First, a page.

Eastern Cape Sport & Recreation, Arts and Culture MEC Bulelwa Tunyiswa is flanked by department official Peter Mbebe (left) and SA Rugby representative Monde Tabata. Photo: Pedro Mapelo
Eastern Cape Sport & Recreation, Arts and Culture MEC Bulelwa Tunyiswa is flanked by department official Peter Mbebe (left) and SA Rugby representative Monde Tabata. Photo: Pedro Mapelo

EAST LONDON – The Eastern Cape Department of Sport Recreation, Arts and Culture has given the Border Rugby Union more than R4 million in order to participate in national competitions – again.

The announcement was made by MEC Bulelwa Tunyiswa at a press conference held in East London on Friday, and which was attended by SA Rugby executive member Monde Tabata, among others.

Tunyiswa said her department decided to engage all the relevant stakeholders to solve Border Rugby Union’s problems.

Border are well known for producing a number of excellent rugby players, who are currently playing at top unions and the Springboks.

But the Border Rugby Union administration was disbanded by the SA Rugby Union (Saru) in 2017, after failing to manage their finances.

Because of a lack of funds, players were not paid their full salaries, while pension fund and medical aid contributions were also not honoured.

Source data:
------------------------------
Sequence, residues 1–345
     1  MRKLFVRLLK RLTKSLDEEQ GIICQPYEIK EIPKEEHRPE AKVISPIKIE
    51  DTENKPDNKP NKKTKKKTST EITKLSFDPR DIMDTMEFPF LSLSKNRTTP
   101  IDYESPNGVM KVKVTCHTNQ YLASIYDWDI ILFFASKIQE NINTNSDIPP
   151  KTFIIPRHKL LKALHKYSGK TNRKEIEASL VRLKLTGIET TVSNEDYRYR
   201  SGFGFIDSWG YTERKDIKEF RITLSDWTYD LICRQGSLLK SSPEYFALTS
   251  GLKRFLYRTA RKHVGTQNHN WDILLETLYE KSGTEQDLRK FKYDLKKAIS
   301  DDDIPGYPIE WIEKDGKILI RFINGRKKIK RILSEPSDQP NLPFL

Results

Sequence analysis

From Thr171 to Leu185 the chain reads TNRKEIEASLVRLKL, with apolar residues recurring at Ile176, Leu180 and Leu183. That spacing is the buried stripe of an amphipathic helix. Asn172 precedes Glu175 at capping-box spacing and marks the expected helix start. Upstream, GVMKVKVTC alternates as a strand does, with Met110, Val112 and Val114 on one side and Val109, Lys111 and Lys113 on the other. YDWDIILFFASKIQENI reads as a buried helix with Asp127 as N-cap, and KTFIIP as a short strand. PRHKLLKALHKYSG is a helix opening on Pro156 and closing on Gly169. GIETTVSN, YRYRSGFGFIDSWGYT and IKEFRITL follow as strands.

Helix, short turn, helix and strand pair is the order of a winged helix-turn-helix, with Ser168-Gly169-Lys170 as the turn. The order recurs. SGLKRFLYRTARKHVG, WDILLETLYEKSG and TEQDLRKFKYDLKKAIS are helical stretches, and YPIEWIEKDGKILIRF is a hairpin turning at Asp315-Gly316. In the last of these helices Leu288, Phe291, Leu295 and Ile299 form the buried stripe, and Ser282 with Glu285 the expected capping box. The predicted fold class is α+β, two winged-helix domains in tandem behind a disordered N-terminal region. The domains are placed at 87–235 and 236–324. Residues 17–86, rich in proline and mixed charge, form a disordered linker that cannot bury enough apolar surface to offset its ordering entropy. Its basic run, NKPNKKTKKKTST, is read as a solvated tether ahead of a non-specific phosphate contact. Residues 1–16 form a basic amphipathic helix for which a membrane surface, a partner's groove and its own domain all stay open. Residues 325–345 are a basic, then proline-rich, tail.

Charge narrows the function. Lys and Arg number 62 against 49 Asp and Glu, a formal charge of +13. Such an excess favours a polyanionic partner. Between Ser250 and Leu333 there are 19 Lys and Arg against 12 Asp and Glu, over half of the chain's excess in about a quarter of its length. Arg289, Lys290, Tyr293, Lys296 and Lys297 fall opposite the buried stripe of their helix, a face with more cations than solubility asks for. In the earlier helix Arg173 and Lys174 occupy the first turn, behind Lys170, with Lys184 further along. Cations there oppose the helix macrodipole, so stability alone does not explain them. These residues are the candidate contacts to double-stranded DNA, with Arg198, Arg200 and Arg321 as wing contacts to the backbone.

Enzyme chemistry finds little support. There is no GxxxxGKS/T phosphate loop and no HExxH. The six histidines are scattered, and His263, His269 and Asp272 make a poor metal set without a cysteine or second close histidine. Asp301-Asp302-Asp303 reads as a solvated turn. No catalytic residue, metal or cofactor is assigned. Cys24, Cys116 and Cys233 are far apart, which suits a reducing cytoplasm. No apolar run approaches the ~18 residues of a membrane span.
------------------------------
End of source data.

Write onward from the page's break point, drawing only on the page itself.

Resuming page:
“In January 2019, a process of engagement between DSRAC, Eastern Cape Sport Confederation and Buffalo City Municipality started to take the lead in negotiating with Saru to reopen the window for the participation by the Border Bulldogs,” Tunyiswa said on Friday.

“It was clear that the plea should be accompanied by financial commitment from the province. The department has therefore ring-fenced an amount of R4 248 100 for the 2019 season.

“The utilisation of the funds will be administered by Saru.”

It was made clear by the department that the money will not be used to pay taxes owed to Sars by the Border Rugby Union.

Tabata, who was representing Saru, gladly welcomed the commitment made by the Eastern Cape government to save rugby at Border.

“We welcome the problem Border Rugby is facing, because 40 percent of the rugby playing population comes from the Eastern Cape.

“There are 14 unions at Saru – the rest of the provincial unions produce 60 percent.

“If we did not work with the MEC and the department to find a solution for Border, we would have done a great disservice to South African rugby.”

Many of the Border Bulldogs players have left and are involved in Varsity Cup competitions and the club Gold Cup.

Now the coaching staff will have to haphazardly assemble a team before the start of the new provincial season towards the end of this month, when the SuperSport Rugby Challenge kicks off.

@PedroMapelo


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